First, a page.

Many of us expressed a great deal of despair because we were learning the hard way that the way people think cannot be legislated. It was difficult for us to accept that we had legally integrated our society, but that emotionally we appeared more separated than ever along racial lines. The Healing Racism Circles, as well as the workshops, became a place to begin a dialogue to look more deeply into our emotional blocks to accepting and loving one another unconditionally.
Many of the people who have attended our sessions have become friends and supporters of the work that we do. Many times we have been told by participants how much they admire our courage to tackle such a difficult problem. We always commend them for joining us on this journey to racial healing, because we know at a heart level we could never do this work alone.
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Other people's stories are powerful, too, and hearing their stories has helped us to continue the work that we do. There are many reasons why they choose to come to a Healing Racism Workshop or Circle. The most important thing for us is that they have come. We believe that it only takes a little willingness to start the process of learning to see differently, learning to become love finders. It is that little willingness that made the difference between a choice for peace and joining or a choice for conflict and separation.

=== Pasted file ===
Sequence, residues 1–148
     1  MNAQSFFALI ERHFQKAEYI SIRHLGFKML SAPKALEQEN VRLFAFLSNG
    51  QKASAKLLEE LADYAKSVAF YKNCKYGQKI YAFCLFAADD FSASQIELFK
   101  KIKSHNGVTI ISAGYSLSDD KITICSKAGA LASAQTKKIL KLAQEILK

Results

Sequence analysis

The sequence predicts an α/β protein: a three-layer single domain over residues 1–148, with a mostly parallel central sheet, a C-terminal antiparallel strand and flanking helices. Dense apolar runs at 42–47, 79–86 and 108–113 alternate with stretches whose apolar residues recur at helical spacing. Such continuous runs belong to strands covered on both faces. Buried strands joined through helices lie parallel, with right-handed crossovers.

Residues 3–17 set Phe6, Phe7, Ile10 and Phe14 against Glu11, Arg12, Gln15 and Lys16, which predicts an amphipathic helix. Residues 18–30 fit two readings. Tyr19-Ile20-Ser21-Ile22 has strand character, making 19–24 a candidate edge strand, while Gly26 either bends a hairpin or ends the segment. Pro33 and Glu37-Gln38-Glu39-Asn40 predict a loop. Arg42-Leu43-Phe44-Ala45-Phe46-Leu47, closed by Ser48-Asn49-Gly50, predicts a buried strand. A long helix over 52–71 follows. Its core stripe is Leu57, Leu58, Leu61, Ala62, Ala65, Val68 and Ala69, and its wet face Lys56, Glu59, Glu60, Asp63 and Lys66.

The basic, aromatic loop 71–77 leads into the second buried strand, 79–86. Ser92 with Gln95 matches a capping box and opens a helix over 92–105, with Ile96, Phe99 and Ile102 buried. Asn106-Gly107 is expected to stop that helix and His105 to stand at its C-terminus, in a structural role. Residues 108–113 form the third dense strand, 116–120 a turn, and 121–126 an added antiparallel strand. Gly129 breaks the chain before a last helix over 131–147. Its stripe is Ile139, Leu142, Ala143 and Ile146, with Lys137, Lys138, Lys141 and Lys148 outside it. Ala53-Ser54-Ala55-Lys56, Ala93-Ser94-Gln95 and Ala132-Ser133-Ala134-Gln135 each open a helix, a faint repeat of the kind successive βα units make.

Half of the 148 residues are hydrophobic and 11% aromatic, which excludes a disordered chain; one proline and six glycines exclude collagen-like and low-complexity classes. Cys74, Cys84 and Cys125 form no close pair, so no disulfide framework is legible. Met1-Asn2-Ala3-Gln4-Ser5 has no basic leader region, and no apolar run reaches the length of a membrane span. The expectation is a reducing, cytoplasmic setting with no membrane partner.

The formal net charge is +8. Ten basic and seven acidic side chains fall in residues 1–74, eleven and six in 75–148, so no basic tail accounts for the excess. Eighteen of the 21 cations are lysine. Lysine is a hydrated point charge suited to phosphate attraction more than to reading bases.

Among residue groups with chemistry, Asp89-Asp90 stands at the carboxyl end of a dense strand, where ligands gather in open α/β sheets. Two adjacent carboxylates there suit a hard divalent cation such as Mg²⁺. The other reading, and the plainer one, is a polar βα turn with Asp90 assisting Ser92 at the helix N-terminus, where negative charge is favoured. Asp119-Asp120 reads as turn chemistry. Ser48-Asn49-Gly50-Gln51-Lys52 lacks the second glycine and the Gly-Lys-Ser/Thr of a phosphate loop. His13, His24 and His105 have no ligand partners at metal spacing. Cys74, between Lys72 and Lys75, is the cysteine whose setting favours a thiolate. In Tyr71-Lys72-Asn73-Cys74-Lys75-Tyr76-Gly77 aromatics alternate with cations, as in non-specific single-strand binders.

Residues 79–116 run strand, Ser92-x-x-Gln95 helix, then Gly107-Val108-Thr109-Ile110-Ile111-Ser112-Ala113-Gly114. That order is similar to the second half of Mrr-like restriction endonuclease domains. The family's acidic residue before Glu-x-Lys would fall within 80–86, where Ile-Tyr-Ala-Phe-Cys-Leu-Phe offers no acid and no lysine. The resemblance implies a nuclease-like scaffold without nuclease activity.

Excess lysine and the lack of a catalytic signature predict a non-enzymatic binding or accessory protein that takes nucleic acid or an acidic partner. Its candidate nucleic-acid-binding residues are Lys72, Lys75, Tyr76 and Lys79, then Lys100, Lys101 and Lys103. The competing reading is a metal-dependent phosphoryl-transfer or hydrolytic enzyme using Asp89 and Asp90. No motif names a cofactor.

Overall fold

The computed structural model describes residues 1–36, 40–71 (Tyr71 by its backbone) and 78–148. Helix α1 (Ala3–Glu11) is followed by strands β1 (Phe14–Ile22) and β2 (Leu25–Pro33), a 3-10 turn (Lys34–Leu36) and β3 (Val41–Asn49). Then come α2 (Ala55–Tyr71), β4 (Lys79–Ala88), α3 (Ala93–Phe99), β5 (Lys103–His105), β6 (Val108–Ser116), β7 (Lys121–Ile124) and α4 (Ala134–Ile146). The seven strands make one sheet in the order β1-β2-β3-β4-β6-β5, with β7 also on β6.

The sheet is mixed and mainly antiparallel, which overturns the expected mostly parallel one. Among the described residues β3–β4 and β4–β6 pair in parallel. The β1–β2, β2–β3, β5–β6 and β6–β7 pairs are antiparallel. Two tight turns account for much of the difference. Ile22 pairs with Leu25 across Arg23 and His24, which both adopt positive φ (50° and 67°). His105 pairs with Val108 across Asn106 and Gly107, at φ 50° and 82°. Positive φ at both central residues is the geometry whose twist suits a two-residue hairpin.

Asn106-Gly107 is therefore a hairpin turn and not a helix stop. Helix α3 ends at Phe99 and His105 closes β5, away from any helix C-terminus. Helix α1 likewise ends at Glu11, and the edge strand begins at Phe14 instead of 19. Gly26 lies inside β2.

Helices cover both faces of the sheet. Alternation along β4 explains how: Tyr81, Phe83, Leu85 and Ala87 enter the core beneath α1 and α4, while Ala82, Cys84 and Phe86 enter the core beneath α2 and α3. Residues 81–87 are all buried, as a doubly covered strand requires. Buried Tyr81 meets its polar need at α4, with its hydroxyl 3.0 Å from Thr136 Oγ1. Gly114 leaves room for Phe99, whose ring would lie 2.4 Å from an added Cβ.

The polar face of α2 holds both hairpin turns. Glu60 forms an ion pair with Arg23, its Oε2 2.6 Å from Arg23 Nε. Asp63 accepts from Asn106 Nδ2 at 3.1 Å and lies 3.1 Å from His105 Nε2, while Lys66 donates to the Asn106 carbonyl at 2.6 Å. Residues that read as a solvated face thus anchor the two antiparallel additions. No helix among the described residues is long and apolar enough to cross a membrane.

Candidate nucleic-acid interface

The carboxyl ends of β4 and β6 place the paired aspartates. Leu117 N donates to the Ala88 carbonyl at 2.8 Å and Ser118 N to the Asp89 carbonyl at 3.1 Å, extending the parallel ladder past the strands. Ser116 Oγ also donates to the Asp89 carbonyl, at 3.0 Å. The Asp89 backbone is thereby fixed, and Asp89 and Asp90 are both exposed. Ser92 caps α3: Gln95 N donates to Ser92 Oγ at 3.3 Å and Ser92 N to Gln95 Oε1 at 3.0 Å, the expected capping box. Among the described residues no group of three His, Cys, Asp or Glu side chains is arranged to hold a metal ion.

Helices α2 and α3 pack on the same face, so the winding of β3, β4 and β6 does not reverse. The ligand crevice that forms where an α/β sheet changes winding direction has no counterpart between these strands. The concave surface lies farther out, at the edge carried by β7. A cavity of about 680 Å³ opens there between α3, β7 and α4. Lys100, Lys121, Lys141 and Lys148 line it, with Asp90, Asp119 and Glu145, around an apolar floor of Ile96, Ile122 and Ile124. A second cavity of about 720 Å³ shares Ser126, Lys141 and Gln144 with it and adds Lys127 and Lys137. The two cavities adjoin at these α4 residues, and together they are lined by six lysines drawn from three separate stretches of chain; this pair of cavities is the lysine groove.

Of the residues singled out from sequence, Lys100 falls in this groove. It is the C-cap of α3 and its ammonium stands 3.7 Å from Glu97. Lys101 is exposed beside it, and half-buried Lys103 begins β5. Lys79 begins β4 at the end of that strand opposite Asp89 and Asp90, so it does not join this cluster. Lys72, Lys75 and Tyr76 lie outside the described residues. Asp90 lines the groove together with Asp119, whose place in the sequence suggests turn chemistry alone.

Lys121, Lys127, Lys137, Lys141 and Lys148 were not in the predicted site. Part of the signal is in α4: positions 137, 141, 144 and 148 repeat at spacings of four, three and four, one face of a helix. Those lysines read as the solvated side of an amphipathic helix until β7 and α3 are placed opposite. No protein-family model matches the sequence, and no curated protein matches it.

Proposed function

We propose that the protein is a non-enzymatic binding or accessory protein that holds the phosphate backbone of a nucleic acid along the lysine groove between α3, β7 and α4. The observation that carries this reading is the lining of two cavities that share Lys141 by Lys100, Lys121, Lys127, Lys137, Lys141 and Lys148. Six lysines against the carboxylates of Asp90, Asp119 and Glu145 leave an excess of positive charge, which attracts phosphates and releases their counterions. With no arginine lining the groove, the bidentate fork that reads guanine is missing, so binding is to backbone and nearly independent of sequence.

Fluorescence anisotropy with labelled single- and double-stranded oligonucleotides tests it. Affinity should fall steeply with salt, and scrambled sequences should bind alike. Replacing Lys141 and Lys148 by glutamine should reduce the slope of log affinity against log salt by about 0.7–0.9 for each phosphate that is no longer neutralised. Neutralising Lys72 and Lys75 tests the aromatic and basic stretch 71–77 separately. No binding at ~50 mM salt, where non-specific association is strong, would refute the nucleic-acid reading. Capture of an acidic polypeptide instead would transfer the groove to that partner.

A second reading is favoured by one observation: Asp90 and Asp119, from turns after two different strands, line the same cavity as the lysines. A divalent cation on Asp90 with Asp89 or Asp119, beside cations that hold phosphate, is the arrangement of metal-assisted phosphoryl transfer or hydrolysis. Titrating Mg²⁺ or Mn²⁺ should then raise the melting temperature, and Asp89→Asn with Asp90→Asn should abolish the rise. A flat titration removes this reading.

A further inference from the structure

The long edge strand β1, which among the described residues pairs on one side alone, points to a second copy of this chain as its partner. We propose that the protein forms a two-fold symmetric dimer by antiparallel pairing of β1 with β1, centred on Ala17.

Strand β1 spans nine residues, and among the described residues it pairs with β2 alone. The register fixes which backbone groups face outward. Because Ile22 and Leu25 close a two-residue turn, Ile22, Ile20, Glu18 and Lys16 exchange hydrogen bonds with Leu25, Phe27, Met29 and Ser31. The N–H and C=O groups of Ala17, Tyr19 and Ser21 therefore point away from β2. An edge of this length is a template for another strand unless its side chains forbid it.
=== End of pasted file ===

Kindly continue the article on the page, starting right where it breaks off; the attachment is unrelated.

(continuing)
One remarkable man has been coming to our Healing Racism Circles for about a year now; however, we have known him for about ten years. We first met him at the Center for Attitudinal Healing in Tiburon. Ron Alexander was forty-three years old then. He is fifty+ now and feels more grounded in the principles of attitudinal healing. When we first met him, Ron's thick southern accent gave him away immediately. He had grown up in South Carolina. When we first knew Ron, he never talked openly about his life in the South or what it was like for him growing up in an apartheid situation. It was only recently that we learned of his deep interest in racial healing. Ron is a counselor by profession and a wonderful human being.